NEW ORLEANS (WVUE) - The U.S. Army Corps of Engineers plans to begin the process of closing the remaining bays on the Bonnet Carre Spillway.
A Corps spokesperson said 196 of the spillway’s 350 bays have remained open since a few of them were closed about a week-and-a-half ago.
Workers can safely close about 20 bays per day, the Corps said.
The spillway, which safeguards New Orleans and suburbs downriver, has been operating for several weeks because of high water levels on the Mississippi River.
The river stood at 16.3 feet Tuesday morning at the Carrollton Gauge in New Orleans.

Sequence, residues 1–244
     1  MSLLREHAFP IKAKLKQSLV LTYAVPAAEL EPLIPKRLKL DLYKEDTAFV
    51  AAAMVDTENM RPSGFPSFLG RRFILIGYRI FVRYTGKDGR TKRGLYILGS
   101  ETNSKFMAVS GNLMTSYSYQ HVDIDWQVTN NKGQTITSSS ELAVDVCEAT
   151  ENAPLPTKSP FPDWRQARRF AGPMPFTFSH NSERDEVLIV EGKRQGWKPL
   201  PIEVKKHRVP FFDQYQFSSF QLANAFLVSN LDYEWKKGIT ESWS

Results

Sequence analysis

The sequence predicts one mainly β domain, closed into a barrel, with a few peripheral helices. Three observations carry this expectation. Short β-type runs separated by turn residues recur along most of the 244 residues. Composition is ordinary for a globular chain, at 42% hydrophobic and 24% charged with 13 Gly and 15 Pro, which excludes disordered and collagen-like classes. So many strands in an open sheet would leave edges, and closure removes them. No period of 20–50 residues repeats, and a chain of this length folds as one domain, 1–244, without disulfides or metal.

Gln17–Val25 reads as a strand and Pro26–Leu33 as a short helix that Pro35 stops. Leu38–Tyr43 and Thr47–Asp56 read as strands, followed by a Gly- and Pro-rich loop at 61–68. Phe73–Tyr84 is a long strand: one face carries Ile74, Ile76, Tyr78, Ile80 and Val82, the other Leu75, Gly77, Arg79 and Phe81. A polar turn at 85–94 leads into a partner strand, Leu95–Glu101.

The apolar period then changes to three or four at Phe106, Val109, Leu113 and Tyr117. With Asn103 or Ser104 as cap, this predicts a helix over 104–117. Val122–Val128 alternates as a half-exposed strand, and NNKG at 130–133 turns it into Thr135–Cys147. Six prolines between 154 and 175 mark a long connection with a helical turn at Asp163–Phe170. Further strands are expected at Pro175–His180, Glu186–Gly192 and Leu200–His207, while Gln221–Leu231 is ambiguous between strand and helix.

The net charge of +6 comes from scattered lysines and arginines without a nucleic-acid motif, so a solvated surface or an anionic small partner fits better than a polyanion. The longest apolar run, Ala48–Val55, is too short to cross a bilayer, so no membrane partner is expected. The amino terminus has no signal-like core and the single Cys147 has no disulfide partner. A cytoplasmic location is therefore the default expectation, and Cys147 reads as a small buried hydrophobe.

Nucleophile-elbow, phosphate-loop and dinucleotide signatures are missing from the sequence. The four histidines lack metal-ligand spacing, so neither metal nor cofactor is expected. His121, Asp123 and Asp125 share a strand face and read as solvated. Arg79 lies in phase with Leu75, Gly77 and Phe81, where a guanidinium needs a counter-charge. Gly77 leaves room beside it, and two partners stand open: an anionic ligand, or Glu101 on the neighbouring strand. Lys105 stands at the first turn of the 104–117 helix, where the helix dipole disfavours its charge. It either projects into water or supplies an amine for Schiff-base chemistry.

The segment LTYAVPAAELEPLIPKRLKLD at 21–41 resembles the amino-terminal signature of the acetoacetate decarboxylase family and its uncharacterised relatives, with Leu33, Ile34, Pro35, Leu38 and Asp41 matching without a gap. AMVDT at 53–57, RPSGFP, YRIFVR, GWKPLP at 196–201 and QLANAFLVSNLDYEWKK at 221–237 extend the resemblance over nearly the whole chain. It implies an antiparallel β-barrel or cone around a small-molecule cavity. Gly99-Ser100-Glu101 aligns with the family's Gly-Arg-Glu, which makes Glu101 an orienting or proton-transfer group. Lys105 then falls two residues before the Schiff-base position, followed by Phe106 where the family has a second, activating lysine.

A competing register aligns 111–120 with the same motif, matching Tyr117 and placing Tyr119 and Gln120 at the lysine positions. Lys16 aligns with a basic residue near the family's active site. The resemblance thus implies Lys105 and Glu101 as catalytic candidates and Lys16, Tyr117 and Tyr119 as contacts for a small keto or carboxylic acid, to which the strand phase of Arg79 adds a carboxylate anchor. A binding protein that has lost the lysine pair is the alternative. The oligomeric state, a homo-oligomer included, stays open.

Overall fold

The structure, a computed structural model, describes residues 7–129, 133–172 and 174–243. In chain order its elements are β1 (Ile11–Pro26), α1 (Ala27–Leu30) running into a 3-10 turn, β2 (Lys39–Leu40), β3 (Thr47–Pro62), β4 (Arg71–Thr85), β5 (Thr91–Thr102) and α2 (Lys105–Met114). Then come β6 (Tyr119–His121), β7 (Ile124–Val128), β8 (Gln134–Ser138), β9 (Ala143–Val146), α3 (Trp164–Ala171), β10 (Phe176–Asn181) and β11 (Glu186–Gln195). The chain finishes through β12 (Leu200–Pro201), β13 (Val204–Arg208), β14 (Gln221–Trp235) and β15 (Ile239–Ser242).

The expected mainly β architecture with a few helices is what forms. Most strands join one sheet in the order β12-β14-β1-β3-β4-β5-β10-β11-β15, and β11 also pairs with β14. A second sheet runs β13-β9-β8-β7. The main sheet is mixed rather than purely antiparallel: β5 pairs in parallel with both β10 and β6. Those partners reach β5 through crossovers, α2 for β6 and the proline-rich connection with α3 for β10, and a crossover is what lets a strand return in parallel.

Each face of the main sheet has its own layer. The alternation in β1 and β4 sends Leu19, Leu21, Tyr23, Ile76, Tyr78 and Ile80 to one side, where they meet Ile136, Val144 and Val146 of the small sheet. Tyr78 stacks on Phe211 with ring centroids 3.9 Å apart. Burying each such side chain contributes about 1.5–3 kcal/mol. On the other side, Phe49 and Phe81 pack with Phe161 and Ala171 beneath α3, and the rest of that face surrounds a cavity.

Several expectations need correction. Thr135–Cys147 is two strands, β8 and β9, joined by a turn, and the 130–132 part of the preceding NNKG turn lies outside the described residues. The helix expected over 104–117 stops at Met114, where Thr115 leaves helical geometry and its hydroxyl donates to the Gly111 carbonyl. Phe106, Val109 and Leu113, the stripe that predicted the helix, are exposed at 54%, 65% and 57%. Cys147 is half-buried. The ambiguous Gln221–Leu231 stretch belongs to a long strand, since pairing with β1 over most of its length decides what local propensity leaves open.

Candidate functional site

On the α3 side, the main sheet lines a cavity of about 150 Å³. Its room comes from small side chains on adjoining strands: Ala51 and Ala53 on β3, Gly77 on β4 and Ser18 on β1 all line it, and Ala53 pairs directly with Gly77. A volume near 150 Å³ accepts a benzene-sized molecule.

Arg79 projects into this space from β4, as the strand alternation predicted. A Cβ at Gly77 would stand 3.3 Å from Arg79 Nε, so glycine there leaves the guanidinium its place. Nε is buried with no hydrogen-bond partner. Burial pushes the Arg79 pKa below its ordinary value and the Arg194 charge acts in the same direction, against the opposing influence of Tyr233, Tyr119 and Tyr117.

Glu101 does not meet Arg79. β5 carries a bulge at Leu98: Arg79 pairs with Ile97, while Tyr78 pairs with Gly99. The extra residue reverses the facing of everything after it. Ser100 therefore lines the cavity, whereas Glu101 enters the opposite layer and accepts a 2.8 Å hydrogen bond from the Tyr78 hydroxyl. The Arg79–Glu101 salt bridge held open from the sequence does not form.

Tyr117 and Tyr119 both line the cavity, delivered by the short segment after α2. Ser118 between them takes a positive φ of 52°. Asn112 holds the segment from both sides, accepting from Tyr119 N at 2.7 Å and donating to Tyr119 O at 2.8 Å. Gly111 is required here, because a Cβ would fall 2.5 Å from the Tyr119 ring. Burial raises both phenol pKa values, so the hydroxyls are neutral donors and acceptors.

The National Weather Service forecasts the river will fall to 13.2 feet by April 22.
“Based on the reduced flows in the Mississippi River at Red River Landing, the Corps will begin the closing process,” said Corps spokesperson Matt Roe in an email.
The Spillway’s 13th operation, which began February 26, peaked at 206 bays with a discharge of 213,000 cubic feet per second being diverted through the spillway.
The Bonnet Carré Spillway is designed to ensure that the maximum river flow in New Orleans stays at or below 1.25 million cfs.
“Although water levels are receding, allowing the structure’s closure, the Mississippi River in the New Orleans District’s area of responsibility remains elevated,” Roe said.
Corps personnel will continue inspections of levees along the river in Southeastern Louisiana.